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FAU / Economics / ECON 2013 / What is the Civil Adult population?

What is the Civil Adult population?

What is the Civil Adult population?


ECO 2013 Final Exam Study Guide: 

What is the Civil Adult population?

Chapter 6 

1) Civil Adult population: All civilians 16 years of age & older.

a. Excludes institutionalized in prisons/ mental hospitals

b. Excludes those in military

2) Unemployment Rate: number of unemployed as a percentage of total labor  force.  

a. Does not include discouraged workers

b. Unemployed / labor force  

3) Inflation: The gradual rise in prices annually. Measures the changes in cost of  living

a. 2 sources of inflation:

i. Demand pull

ii. Cost push  

4) Why is inflation so unpopular?

a. People on fixed income are harmed by inflation b/c the purchasing  price of their income goes down.

b. Creditors are harmed by inflation b/c both the principle loans & interest payments are usually fixed.

c. Reduced the ability to make long-term plans

d. Forces buyers & sellers to pay more attention to prices – less time for  production – overall productivity if economy falls.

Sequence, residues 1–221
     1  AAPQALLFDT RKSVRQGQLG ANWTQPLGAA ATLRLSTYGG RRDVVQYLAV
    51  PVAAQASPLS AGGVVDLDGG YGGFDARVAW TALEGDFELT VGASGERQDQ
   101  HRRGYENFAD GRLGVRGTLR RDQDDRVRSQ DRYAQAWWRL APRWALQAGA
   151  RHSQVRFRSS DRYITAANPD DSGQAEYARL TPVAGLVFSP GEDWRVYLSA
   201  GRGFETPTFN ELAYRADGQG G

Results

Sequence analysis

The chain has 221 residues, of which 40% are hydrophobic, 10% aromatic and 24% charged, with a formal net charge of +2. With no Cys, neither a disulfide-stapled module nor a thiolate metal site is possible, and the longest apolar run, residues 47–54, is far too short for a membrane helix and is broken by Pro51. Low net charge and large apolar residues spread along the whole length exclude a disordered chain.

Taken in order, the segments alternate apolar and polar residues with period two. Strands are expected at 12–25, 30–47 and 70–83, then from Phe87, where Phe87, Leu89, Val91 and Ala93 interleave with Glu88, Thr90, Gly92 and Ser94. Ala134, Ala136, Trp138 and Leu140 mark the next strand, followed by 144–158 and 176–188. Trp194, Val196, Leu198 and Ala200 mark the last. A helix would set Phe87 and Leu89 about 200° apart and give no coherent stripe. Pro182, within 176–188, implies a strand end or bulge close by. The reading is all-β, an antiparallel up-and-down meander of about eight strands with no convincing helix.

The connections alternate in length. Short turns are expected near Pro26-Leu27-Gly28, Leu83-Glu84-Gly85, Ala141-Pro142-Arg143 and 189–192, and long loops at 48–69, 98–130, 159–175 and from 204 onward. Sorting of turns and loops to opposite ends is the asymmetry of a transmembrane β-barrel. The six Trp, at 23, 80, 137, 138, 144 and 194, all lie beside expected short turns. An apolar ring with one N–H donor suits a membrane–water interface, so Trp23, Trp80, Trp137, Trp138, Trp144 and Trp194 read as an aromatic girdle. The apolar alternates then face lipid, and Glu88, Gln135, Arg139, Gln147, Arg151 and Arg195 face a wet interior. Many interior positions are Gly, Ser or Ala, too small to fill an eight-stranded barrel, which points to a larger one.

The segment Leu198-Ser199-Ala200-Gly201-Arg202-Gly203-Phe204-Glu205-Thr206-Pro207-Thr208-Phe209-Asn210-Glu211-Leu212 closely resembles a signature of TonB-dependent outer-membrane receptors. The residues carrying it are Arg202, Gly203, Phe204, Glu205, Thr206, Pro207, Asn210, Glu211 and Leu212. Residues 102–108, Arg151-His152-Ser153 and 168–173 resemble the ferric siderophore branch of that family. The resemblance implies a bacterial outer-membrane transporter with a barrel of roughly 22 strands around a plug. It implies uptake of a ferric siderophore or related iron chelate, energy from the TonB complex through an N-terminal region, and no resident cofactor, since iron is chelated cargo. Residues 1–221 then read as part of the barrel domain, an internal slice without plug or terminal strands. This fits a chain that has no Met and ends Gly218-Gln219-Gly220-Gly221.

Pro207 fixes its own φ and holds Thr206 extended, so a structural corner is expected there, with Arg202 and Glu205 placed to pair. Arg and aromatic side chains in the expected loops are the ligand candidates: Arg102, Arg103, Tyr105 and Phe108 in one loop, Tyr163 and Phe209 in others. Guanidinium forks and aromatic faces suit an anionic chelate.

What is the Unemployment Rate?

e. Decreases your purchasing power*

Chapter 10 

Tools of Fiscal policy 

1) Government Spending

2) Taxes  

3) Transfer Payments

4) Expansionary fiscal policy:

a. Government spending increases

b. Tax decrease

c. Transfer payments increase

i. Aimed at increasing AD (shift to right) in order to return eco. to  full employment

ii. Policy used to close a contractionary gap If you want to learn more check out Who is the British political acivist and leader of the British suffragette movement who helped women win the right to vote?

5) Contractionary fiscal policy:

a. Government spending decreases

b. Tax increases

c. Transfer payment decrease

i. Aimed at decreasing AD (shift to left) in order to return eco. to  full employment.

ii. Policy used to close expansionary gap

d. GDP = G x [ 1 / 1 – MPC ] GDP = NT x [ -MPC / 1 – MPC ]